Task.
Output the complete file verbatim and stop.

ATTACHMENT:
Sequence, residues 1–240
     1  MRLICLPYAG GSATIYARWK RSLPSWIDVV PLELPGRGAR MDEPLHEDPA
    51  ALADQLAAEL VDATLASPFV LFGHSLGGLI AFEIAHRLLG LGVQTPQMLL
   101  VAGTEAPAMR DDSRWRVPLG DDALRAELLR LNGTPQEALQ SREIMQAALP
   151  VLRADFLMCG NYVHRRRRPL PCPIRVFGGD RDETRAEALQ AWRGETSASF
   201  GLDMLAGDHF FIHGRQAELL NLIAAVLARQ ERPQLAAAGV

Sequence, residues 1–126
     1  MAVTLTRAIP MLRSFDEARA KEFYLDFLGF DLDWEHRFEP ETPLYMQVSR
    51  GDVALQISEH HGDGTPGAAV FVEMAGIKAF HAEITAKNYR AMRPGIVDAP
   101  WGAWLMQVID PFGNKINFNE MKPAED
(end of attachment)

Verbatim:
Sequence, residues 1–240
     1  MRLICLPYAG GSATIYARWK RSLPSWIDVV PLELPGRGAR MDEPLHEDPA
    51  ALADQLAAEL VDATLASPFV LFGHSLGGLI AFEIAHRLLG LGVQTPQMLL
   101  VAGTEAPAMR DDSRWRVPLG DDALRAELLR LNGTPQEALQ SREIMQAALP
   151  VLRADFLMCG NYVHRRRRPL PCPIRVFGGD RDETRAEALQ AWRGETSASF
   201  GLDMLAGDHF FIHGRQAELL NLIAAVLARQ ERPQLAAAGV

Sequence, residues 1–126
     1  MAVTLTRAIP MLRSFDEARA KEFYLDFLGF DLDWEHRFEP ETPLYMQVSR
    51  GDVALQISEH HGDGTPGAAV FVEMAGIKAF HAEITAKNYR AMRPGIVDAP
   101  WGAWLMQVID PFGNKINFNE MKPAED